Municipal-owned regional power suppliers are a central element for municipalities in Germany to actively foster renewable energy. In two of the three cases that were investigated in this research, the regional power suppliers play a major role. In the case of Prenzlau, the supplier contributes by applying innovative practices and by effectively using the available potentials (e.g. biogas from waste water sludge and geothermal power). By owning the Stadtwerke Prenzlau, the city keeps the ability to direct investments and to make decisions towards a sustainable transition of the local energy system. Furthermore, the company staff holds the human capital necessary for innovative projects. For the case of Feldheim, the founding of a new energy company was necessary to implement the renewable energy plans. The ownership structure of this company differs considerably from that in Prenzlau. The energy company of Feldheim is owned by the citizens of the village. This was necessary to raise the needed capital.

Kunze and Busch found that this approach of founding a local energy company provides a number of advantages [9]. Distributed ownership can considerably lower resistance against energy projects as a result of two main factors. Firstly, by involving potential opponents in the decision-making process, conflicts can be addressed and resolved in the initial phase of the project; and secondly, if profits are redistributed amongst the local population, resistance tends to be much lower, since individual economic benefits are linked to the success of the project. However, this kind of organization comes with a very high level of social complexity. In the case of Feldheim, where such an arrangement has been made, the process of trust building, both between actors and in the technology, took several years while relying on already available high levels of social capital within the village [9].

Enthusiasm for technology

Enthusiasm for renewable energy technology has been identified as a factor that positively influences the introduction of renewable energy. A concrete example was named by Mr. Knape who stated, 'Our former director of the regional administration had worked in the energy sector. His understanding, interest and enthusiasm in the whole thing were bigger. Our new one comes from the humanities and I have to explain everything to him’. While technical knowledge and enthusiasm are actually two different possible drivers, they were always named together in the investigated cases. The role of expert knowledge within the municipality is obvious for the case of Prenzlau. Here, the main tool for implementing the ambitious energy projects was the high human capital within the regional power supplier. The Stadtwerke Prenzlau thus served as a place with accumulated expert knowledge that could be put to use if a new project was to be developed.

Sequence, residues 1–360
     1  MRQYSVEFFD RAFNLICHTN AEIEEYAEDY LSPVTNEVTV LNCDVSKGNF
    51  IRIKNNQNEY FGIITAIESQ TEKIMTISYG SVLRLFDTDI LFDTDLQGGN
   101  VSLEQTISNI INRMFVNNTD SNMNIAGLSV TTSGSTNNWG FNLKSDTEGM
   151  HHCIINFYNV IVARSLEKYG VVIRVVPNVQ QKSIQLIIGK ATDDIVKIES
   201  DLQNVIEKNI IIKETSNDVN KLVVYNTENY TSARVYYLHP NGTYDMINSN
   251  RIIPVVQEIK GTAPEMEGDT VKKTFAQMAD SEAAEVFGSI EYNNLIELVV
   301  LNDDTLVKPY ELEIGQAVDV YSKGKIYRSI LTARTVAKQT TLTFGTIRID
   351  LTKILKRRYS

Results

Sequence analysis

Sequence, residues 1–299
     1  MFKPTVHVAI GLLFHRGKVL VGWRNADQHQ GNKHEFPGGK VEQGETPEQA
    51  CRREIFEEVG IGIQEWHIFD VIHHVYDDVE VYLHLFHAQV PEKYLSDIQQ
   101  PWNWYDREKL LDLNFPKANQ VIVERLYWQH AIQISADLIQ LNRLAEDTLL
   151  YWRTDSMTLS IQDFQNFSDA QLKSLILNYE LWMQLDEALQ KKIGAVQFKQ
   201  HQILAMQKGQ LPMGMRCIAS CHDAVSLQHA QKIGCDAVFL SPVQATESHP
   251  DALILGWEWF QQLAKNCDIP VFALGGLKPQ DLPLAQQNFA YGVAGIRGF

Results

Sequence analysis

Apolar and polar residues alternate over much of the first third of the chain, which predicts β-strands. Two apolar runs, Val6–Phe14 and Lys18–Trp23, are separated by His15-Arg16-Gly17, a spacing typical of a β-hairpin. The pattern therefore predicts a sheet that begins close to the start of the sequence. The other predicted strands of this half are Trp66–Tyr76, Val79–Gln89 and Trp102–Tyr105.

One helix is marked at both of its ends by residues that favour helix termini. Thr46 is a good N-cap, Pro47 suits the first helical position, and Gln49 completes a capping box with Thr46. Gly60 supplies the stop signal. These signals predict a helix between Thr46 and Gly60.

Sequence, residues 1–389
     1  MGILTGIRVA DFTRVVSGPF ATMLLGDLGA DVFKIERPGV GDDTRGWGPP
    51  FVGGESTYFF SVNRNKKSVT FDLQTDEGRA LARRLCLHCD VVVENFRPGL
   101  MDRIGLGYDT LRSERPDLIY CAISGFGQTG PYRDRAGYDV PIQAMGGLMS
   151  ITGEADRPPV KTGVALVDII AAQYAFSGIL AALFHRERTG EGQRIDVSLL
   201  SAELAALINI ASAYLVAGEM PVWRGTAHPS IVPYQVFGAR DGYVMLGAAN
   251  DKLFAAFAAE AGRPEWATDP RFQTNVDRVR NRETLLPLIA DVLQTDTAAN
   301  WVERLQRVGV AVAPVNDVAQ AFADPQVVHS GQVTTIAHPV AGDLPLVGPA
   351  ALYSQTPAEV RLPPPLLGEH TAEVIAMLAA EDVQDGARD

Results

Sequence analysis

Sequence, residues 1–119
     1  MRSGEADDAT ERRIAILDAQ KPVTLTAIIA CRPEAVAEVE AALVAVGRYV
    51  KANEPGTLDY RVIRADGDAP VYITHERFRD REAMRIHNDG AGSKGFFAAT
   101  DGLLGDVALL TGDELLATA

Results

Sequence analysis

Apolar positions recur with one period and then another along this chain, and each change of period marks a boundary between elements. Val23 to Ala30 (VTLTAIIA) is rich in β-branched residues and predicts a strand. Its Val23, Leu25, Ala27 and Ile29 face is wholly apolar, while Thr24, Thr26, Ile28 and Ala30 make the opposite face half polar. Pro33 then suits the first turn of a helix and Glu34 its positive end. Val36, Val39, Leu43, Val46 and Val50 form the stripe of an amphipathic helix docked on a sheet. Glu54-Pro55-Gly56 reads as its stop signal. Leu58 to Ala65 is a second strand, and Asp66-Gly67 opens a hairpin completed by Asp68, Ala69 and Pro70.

In Feldheim, expert knowledge also played a very important role [9]. However, this knowledge was not centred within one entity but distributed among the inhabitants [9]. Experts of a particular field - who as a consequence of their status as friend and neighbour were equipped with a high social capital within the municipality - undertook the task of evaluating specific aspects of the projects. For example, a local insurance broker verified the fairness of the contracts while inhabitants with technical schooling approved of appliances and helped explain technical aspects to other inhabitants. Thus, diffused expert knowledge in combination with high levels of trust within the local population, helped to overcome scepticism that built on ignorance and mistrust. While this process is interesting from a sociological point of view neither enthusiasm for technology nor expert knowledge were major factors for the individual decision-making process of the interviewed mayors.


While remaining an underdeveloped research field, the individual decision-making processes of mayors to support renewable energy projects has shown to be of great importance for the investigated cases. These cases can be seen as models for a general transition of energy supply in Germany (and Europe). By identifying a number of relevant factors influencing this individual decision-making process, this research has aimed to shed more light on how and why municipalities implement renewable energy projects. In conclusion, there are at least three topics that can be highlighted from this research. First, the overall theme regularly cited by interviewed actors as the 'good of the municipality’. Second, the key lessons for promoting renewable energy to local municipalities. Third, there were several issues that deserve further research attention.

Overall theme

In the course of this research, several drivers have been identified. It was hard to clearly distinguish between some of them. This problem can be traced back to the fact that one dominating theme was the basis for action of mayors. They ultimately focus on the 'good of the municipality’. More abstract aspects such as 'climate change’ or 'the transformation of the German power supply system’ only played a minor role. Especially climate change had a surprisingly low relevance for the interviewed actors. Mr. Sommer was the only mayor who directly addressed climate change and who linked the renewable energy projects in Prenzlau with concrete climate change projections for Brandenburg.